Mexico City’s sinking Terminal 2 may need to be rebuilt


  • Mexico City Aeromexico Freight
    Mexico City International Airport

    IATA/ICAO code:


    Gerard Ferrando

    Number of passengers :
    36,056,614 (2021)

    Tracks :
    05R/23L – 3,900 m (12,795 ft) |05L/23R – 3,952 m (12,877 ft)

    Terminal 1 | Terminal 2

Earlier this week, Mexican President Andrés Manuel López Obrador said he was studying the possibility of rebuilding Terminal 2 at Mexico City’s Benito Juárez International Airport (MEX), due to structural damage. If the Mexican authorities decided to embark on this project, it would heavily impact the daily operations of the largest airport in the country, and this would be particularly damaging for Aeromexico.

Structural damage

In a daily press conference, Mr. López Obrador said that the construction of MEX Terminal 2 was poorly done. He said the whole terminal was sinking so there was the possibility of having to rebuild everything entirely.


Mexico City Terminal 2 was inaugurated in 2006 to deal with the airport’s continued saturation. It is widely used by Aeromexico and its partners Delta Air Lines and LATAM Airlines, as well as other carriers such as Copa Airlines, Aeromar and Wingo.

Mr. López Obrador said:

“There were mistakes. (These errors are significant enough) to order a technical and administrative audit. We need to figure out how to avoid the terminal to keep flowing and avoid any possible accidents.

Nevertheless, he also kept the possibility of making temporary arrangements at the terminal, leaving the possibility of rebuilding the whole project to the next administration. Mr. López Obrador is expected to complete his term in 2024.

Simple Flying has contacted Aeromexico for comment. The airline declined to comment.

Mexico City International Airport Terminal 2 may need to be rebuilt. Photo: Getty Images.

The impact

The closure of Terminal 2 would have a massive impact on the day-to-day operations of airlines serving Mexico City airport. About 46.5% of all flights that land or depart from MEX do so at Terminal 2.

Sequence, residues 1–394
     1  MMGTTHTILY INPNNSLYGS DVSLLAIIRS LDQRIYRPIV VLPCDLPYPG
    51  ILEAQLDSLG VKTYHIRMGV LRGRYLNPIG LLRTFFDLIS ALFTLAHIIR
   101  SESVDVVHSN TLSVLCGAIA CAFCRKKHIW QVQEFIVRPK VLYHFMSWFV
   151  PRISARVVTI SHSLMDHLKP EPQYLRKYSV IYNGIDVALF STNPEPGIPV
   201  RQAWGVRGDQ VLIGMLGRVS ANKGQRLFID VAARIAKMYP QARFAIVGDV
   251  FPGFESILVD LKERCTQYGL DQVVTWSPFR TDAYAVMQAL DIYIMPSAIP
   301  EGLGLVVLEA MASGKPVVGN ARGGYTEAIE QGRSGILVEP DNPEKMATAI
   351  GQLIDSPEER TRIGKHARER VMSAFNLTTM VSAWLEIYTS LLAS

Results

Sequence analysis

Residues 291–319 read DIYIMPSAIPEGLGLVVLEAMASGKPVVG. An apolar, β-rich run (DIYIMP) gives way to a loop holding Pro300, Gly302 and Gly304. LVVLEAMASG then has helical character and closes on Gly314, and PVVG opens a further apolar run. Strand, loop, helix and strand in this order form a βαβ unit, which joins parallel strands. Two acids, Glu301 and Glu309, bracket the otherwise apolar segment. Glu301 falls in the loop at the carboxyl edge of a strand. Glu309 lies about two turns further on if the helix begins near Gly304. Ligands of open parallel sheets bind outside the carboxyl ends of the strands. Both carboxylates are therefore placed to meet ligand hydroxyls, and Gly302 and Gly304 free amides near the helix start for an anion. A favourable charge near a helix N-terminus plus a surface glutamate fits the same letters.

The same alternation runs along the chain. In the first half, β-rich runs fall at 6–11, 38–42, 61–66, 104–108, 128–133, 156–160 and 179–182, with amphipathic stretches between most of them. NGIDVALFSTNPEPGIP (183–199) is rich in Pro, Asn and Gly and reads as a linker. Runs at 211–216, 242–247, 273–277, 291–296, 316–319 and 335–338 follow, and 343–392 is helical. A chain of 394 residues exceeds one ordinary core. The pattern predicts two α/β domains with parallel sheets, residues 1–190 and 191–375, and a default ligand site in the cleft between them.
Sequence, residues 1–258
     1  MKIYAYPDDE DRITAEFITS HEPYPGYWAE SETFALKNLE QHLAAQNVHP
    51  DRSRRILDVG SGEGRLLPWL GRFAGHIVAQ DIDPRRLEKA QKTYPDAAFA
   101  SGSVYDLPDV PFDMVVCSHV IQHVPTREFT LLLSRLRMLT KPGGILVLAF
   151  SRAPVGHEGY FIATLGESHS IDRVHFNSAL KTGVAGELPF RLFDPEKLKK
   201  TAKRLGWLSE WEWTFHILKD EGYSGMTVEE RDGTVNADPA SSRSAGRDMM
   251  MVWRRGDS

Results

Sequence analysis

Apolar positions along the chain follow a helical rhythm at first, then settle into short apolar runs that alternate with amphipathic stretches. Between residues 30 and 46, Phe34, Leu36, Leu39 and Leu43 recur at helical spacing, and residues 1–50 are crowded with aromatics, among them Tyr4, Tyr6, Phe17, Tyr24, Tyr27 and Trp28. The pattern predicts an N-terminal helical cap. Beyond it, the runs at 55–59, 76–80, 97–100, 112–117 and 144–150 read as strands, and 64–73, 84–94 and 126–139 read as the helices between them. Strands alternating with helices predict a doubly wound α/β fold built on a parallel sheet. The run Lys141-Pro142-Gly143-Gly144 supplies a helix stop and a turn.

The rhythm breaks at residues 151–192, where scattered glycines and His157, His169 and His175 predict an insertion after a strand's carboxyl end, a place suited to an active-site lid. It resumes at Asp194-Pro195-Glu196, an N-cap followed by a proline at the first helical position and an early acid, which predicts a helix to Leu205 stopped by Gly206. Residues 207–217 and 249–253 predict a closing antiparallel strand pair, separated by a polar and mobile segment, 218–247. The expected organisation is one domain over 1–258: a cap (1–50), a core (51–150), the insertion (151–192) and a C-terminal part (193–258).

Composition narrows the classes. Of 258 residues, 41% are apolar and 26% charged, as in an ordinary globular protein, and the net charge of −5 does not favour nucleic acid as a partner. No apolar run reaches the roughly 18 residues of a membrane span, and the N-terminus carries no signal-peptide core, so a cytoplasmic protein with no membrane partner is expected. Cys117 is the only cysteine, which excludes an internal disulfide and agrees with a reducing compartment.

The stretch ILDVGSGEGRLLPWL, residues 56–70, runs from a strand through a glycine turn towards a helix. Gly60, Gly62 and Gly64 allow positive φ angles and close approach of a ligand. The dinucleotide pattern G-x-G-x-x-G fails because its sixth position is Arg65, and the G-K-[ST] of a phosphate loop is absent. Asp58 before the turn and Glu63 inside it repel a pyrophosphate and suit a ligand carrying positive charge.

Rebuilding the terminal would inevitably have a cascading effect on the Mexican airline industry. Most likely, a good part of the commercial services currently offered in MEX should be moved to Felipe Ángeles International Airport (NLU) or Toluca International Airport (TLC). These two hubs, located outside of Mexico City, are part of the metropolitan airport system and, along MEX, are currently able to receive approximately 70 million people annually. Nevertheless, NLU and TLC failed to attract enough passengers and airlines.

Aeromexico is the main operator of MEX Terminal 2. Photo: Daniel Martinez Garbuno | Single flight.

Moreover, moving a number of flights to either of these airports would prove difficult. First, Mexican airlines could not move any flights with the United States as their final destination away from MEX, as the country was downgraded to Category 2 by the Federal Aviation Administration (FAA). The four Mexican airlines that fly to the United States currently operate 301 weekly flights to that country from MEX, or 8.5% of total flights at the airport.

Second, moving any number of flights from MEX to NLU or TLC to solve T2 problems would create a cascade of problems for the airline industry. From main operations at two or three different airports to codeshare services, handling, ground and maintenance operations. Passengers would also be strongly impacted (more than they already are now; four out of ten flights are delayed this season in the MEX).

All in all, shutting down T2 to rebuild would be nothing short of an operational disaster.

If MEX’s T2 is closed, could some of the flights be moved to NLU or TLC? Photo: Daniel Martinez Garbuno | Single flight.

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What can happen?

Mr. López Obrador did not compromise to undertake this enormous task. He left the door open for subsequent administrations to take care of the problem, which is also not a relief, just a patch.

Ultimately, the T2 problem would have been solved by 2024 if the current government had continued to build the now abandoned Texcoco International Airport. This hub, located outside Mexico City, was supposed to take place on MEX as the region’s main hub.

What is your opinion on this scenario? Let us know in the comments below.


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